Arlington, VA—Today’s students are surrounded by so many different sources of information and media, that it can overwhelming. As part of its ongoing efforts to promote student journalism and civic engagement, PBS NewsHour Extra is pleased to announce its newly updated media literacy curriculum. The curriculum is designed to help students critically evaluate media and information in its broadest sense; everything from text messages, television commercials, movies, citizen journalism, reality shows, and more traditional forms of journalism.
This curriculum is part of the of PBS NewsHour Extra’s Student Reporting Labs, a public media journalism initiative for middle and high school age students that is built on the premise that informed and engaged young people are critical for a healthy democracy. This project connects high school students to local PBS stations and news professionals in their community to produce original, student-generated news video reports. The young people who participate in the project learn how to report, problem-solve, synthesize information and investigate important topics: journalism as a form of learning.
To facilitate its use in the classroom, the media literacy curriculum is designed to be as flexible as possible while also meeting the strict requirements of national education standards.
With our partners at the Media Education Lab at Temple University as well as media professionals and academics, we’ve developed three flexible units with a total of 10 lesson plans focusing on strengthening digital and news literacy competencies. These flexible lessons can be used in the context of courses in English, social studies, or video production and includes critical thinking, analysis and production activities. Each lesson is designed for a 50-minute class with engaging high-interest activities to nurture a sense of purpose and accomplishment. The curriculum can easily be adapted to the McRel Standards , Common Core Standards and ISTE Standards. The program also includes a meaningful focus on understanding the role of journalism in society and developing broader communication skills, including listening, asking questions, public speaking, and finding and evaluating the quality of information.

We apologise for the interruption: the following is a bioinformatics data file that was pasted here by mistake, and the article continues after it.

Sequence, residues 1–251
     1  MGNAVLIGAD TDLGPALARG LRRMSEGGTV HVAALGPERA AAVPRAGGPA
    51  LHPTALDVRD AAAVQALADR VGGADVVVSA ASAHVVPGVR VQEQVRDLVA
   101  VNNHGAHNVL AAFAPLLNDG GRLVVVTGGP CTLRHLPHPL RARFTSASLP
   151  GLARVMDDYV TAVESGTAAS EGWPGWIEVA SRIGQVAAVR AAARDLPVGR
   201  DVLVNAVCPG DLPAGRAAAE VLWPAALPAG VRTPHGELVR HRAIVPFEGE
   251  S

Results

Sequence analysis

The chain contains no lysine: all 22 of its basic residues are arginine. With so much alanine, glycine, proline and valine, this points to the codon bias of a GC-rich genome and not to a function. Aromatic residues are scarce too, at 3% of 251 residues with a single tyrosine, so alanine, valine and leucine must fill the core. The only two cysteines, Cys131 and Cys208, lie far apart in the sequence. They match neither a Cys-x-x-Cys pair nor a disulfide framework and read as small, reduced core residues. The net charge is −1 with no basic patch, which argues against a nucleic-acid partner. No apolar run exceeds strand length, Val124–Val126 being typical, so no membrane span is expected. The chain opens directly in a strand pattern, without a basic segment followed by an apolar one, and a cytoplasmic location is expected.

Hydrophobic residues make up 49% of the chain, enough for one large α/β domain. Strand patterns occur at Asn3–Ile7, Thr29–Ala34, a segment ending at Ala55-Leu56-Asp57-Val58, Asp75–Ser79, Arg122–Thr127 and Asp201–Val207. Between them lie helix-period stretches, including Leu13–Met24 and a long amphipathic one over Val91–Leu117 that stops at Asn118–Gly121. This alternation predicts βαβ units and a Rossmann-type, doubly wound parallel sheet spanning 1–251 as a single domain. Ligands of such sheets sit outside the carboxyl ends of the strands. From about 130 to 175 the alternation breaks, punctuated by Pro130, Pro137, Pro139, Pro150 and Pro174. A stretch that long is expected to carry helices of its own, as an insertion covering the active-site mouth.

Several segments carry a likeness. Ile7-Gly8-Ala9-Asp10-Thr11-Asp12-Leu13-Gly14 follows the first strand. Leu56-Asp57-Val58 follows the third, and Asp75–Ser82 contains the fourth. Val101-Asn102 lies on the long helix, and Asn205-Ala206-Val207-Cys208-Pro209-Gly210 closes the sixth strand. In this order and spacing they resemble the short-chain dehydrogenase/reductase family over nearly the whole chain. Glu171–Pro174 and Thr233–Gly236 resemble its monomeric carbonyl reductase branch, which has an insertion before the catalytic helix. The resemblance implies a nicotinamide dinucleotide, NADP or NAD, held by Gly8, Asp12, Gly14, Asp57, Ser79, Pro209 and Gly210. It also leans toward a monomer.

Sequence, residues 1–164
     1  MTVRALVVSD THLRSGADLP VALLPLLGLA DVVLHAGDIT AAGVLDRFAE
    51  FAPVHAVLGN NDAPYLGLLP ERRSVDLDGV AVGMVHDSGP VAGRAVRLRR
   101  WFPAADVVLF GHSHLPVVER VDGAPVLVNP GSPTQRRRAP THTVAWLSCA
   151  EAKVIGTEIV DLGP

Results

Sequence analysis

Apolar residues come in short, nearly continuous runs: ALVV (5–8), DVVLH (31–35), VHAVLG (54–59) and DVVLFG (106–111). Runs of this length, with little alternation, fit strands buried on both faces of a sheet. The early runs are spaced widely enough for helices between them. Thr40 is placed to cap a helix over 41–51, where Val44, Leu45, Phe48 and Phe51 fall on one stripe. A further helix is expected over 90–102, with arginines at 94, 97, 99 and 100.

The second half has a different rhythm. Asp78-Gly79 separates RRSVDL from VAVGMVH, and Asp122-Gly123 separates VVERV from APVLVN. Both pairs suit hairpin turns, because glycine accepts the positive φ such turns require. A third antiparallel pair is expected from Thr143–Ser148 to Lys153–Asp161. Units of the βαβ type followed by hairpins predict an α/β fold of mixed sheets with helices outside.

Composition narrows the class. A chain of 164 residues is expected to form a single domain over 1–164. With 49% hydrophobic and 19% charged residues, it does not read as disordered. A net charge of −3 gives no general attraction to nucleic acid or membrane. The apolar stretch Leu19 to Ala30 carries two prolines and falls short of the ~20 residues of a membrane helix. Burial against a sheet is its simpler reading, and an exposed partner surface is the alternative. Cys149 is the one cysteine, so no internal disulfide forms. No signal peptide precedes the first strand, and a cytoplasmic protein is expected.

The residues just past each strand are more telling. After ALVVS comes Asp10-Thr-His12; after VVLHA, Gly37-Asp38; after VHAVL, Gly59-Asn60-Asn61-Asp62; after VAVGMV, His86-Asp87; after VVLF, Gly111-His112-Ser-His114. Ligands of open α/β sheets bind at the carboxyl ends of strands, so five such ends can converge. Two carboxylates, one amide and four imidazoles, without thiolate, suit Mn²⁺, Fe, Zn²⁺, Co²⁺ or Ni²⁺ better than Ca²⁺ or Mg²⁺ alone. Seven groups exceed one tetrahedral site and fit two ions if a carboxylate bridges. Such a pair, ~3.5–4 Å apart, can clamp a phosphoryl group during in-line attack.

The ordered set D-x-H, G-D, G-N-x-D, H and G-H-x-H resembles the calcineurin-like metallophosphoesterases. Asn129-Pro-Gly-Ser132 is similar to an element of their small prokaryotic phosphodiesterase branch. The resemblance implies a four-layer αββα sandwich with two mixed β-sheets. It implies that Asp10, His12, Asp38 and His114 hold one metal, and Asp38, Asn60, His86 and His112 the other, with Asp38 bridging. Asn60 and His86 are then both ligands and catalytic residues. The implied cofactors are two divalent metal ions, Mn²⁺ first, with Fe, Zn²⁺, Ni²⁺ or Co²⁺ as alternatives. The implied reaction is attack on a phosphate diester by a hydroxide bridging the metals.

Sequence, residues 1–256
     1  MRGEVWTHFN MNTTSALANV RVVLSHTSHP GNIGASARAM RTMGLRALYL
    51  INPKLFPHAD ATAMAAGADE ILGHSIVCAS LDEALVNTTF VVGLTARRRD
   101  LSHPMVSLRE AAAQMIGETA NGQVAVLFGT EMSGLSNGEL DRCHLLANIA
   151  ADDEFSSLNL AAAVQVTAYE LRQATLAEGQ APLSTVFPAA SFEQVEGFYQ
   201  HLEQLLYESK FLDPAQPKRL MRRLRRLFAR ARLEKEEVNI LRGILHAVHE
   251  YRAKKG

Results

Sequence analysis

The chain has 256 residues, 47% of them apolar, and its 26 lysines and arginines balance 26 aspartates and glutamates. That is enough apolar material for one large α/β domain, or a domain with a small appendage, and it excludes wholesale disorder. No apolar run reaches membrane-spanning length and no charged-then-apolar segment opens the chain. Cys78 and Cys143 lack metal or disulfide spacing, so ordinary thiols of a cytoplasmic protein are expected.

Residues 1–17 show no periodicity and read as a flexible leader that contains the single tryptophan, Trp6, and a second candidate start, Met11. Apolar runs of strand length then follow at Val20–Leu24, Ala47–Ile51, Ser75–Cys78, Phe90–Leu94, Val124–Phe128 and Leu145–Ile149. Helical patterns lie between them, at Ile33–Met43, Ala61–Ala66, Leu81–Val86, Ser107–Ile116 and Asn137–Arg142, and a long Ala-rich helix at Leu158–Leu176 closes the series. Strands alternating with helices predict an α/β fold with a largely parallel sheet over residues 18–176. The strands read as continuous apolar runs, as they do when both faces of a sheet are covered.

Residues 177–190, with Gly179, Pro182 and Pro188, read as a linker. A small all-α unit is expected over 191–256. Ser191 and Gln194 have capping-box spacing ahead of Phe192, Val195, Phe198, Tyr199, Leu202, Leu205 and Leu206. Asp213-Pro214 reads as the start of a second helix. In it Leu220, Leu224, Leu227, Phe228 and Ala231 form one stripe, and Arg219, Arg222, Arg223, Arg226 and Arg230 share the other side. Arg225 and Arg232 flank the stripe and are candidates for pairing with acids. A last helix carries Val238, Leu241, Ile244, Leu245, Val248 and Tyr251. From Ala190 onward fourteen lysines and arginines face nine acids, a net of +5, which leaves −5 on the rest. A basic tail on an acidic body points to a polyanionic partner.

For 36 years, millions of Americans and citizens of the world have turned to MacNeil/Lehrer Productions for the solid, reliable reporting that has made the PBS NewsHour one of the most trusted news programs in television. The Student Reporting Labs connect students with a network of public broadcasting mentors, an innovative journalism curriculum and an online collaborative space to develop digital media, critical thinking and communication skills while producing original news reports for PBS NewsHour Extra.
About PBS NewsHour Extra
NewsHour Extra uses the resources of the PBS NewsHour to provide teachers and students with quality educational resources based on current issues and events—all for FREE at www.pbs.org/newshour/extra. The PBS NewsHour is seen five nights a week on more than 315 PBS stations across the country (check local listings) and is also available online, via public radio in select markets and via podcast. The program is produced by MacNeil/Lehrer Productions, in association with WETA Washington, DC, and THIRTEEN in New York. Corporate funding for The NewsHour is currently provided by Chevron and Intel, with major funding from the Atlantic Philanthropies, the William & Flora Hewlett Foundation, the National Science Foundation, the Corporation for Public Broadcasting and public television viewers.
Imani M. Cheers, Ph.D., 703-998-2182, email@example.com
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Category: Media Literacy Ed Community News